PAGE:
Design is as much about the unseen as the seen. Often considered a surface attribute, with all focus on the finished product, what differentiates a design object from an ordinary one is not just its beauty, but also its functionality, and the experience of using it.
From mood board to final design, our processes are involving, extensive, and quite rigorous. It starts with a brief or inspiration — a colour, something from nature, or an architectural reference — that defines the products and mood for the season. From there our sourcing team builds on the mood with fabrics (or materials) that nail the brief. “If our inspiration is, say, a waterfall, we give our design team options that keep in mind the drape and weight of the fabric”, explains Priyanain, an integral part of our sourcing team. With the fabrics picked out, we do lab dips — our partnering mills process swatches of colours we want to work with — that are eventually used to dye the entire bulk of fabric. Then come fit samples that we cut in-house, and finally the factory creates size sets to seal the deal.
Even though we have our process down pat, our three verticals — womenswear, house & home, and travel — have largely independent requirements, and while we get to work with plenty fabrics and materials, we’re partial to a few that feel particularly in-sync with our character.
The brief for Travel
Meant to organise your travels and make them that bit more effortless, our travel collection has apparel and packing essentials that are meant for journeys long and short. So it’s no wonder that’s we’re always on the prowl for fabrics that move as we do, and fare well in both cool and warm climes sorting us for that year-long switch in temperatures.
For the love of denim
“The denim we use is not just any denim,” says Priyanain, running her fingers over the super-soft and deliciously drapey cotton denim tencel we work with. “We picked this denim because it doesn’t crease, can be layered, and the same fabric weight lends itself perfectly to a shirt, bottom, or jacket.”
The phoenix of the fashion world, denim has stood the test of time from when it became popular in the 1800s as a hard wearing fabric to Marlon Brando’s hyper-sexual bad boy depiction with denim as the medium. Our use of denim may not be trend-led, but we can’t deny its global and year-long appeal, plus its very forgiving nature with every wash. “The more you wash and wear denim, the more it takes its own character, and changes with you”, says Rajiv, our former head of sourcing (now the man behind all the visual merchandising you see in our stores).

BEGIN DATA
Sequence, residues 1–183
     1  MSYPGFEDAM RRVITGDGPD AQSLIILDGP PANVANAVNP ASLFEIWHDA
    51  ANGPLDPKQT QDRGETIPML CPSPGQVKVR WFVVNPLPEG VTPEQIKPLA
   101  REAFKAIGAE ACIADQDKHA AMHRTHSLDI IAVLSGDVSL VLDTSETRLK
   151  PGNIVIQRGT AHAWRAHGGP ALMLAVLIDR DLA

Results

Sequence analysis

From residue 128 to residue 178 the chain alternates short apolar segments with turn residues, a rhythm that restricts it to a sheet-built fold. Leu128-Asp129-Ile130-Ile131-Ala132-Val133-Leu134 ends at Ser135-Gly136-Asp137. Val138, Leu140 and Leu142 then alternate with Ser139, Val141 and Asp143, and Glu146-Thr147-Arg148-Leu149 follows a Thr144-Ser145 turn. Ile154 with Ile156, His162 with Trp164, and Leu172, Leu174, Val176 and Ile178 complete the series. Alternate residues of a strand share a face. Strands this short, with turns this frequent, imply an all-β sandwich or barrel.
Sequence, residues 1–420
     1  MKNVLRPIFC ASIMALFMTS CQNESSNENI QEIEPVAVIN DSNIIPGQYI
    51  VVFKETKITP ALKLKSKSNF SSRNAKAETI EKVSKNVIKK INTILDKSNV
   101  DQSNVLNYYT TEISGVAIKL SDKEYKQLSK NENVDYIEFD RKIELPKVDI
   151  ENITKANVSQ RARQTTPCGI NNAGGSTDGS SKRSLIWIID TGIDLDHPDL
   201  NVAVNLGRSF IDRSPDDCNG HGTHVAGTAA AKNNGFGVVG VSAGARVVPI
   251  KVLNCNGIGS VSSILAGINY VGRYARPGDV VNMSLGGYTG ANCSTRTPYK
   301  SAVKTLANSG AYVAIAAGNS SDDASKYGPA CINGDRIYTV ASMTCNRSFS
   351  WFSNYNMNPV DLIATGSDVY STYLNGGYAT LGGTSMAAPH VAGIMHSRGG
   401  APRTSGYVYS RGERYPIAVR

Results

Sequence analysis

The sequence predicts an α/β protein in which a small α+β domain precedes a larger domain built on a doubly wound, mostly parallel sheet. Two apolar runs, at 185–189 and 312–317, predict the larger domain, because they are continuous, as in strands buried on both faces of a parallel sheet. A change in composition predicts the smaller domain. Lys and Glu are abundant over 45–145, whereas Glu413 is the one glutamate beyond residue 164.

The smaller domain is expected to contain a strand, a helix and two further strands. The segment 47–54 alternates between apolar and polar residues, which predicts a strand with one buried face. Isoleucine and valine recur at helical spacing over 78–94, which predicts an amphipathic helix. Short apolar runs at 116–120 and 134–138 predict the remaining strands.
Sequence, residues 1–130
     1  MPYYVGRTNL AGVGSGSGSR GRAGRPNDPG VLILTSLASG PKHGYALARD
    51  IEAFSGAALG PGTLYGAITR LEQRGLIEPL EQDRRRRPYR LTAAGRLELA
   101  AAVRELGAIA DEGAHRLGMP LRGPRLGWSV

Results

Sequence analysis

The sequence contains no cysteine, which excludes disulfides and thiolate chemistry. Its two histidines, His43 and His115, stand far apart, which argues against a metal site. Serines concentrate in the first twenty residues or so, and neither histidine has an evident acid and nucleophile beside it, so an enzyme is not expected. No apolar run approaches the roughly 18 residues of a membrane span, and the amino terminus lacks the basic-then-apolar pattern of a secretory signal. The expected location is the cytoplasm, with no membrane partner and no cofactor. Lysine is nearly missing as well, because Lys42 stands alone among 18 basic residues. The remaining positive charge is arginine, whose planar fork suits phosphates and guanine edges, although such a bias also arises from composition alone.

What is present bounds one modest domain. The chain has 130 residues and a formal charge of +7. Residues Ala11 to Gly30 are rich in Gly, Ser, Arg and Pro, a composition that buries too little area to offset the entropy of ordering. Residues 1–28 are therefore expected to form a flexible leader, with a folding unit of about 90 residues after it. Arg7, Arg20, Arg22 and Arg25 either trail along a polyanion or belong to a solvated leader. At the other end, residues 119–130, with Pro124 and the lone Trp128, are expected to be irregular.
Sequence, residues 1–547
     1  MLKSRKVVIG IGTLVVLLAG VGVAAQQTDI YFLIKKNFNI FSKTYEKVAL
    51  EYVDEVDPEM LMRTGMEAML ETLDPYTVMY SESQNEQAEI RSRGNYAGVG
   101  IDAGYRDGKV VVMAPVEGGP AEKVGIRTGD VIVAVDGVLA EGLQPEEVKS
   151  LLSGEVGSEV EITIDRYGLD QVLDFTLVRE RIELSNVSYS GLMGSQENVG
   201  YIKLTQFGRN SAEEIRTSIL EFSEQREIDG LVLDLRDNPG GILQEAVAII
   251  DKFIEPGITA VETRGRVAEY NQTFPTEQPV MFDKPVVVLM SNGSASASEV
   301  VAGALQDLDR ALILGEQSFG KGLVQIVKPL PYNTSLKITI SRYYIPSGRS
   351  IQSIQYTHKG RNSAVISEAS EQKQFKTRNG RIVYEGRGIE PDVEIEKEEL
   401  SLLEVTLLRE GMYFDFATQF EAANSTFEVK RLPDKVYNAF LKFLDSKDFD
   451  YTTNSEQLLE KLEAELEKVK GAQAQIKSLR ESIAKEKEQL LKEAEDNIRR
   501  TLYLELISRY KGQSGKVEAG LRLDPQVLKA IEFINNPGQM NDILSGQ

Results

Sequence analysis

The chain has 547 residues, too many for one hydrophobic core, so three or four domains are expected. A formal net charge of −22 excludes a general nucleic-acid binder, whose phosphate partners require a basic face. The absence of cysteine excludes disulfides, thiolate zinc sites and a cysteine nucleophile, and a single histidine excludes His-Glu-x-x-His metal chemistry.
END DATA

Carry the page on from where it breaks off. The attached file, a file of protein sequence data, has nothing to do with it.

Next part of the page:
Our deep indigo denim or the softer pastel hue is the outcome of an exacting dip-dyeing process and the number of dips the fabric receives. The resulting boldness or hi-lo fade of the denim depends on the number of washes the fabric receives thereafter.
“We embrace the nature of denim tencel with our own design aesthetic”, explains Divya, our head of travel design, referencing little embroidered details picked out on our travels, gold and silver foil stamps, and stitches that add a little flourish. Our designs need that aspect of utility (and practicality) for travel as well, so you’ll find pants with elastic hemlines that can be hiked up when you’re wading through marshy land or at a public washroom, and dresses with pockets because we know how essential that little element is. “We intend for our denim pieces to stay with you for many, many years”, finishes Divya.
Care for your denim
“Denim tencel is a low maintenance fabric, so you don’t need to go the extra mile to look after it”, is Priyanain’s word. Wash it away from other colours as it’s an inherent quality for denim to bleed, but the resulting fade is also what adds to the charm of the fabric. Apart from that, wash it as you would, wear it as you would, and store it in canvas or thick cloth inserts.
Corduroy, Nicobar style
“This is the first time we’ve worked with corduroy”, says Priyanain. This season just past, our inspiration was all things military and utilitarian uniforms, and so we tinkered with military-inspired patches and carefully considered pockets. “We needed a fabric that’s rugged and perfect for knockabout clothing, while being lightweight (so you can travel with ease) and in sync with our military inspiration”, explains Priyanain. After a fair bit of research, keeping in mind the weight of the fabric, we found a super lightweight corduroy with a lovely handfeel that nailed the brief.
Our corduroy is a lasting alternative to denim, and its repetitive parallel lines symbolise a sort of order that’s so in tune with our military inspiration. Originally built for the working class with ancient ties dating back to to the Egyptian city of Al-Fustat, we love that its luxurious and functional all at once, can be dressed up or down, and be worn layered or as is.
“Keeping it cohesive, we dyed our corduroy indigo to match the palette of our Travel capsule”, adds Priyanain. Little flecks of dragonflies and hot air balloons pepper these pieces mirroring icons picked out on our travels. “We’ve crafted silhouettes that are easy to wear all year round and the fact that this corduroy actually works with poplin”, explains Divya referring to the half-and-half indigo dress “shows how light it is from a technical construction point of view and perfect for every sort of season.”
Care for your corduroy
Corduroy is a practical fabric and fairly rugged, so much like our denim it’s fairly low maintenance. Wash it with like colours and in cool water (if they’re dark corduroys like ours), hang it out to dry to naturally iron out any wrinkles, iron it inside out (if required), and store it in cloth or canvas inserts (or leave them hanging as is if you’re not too precious about storage).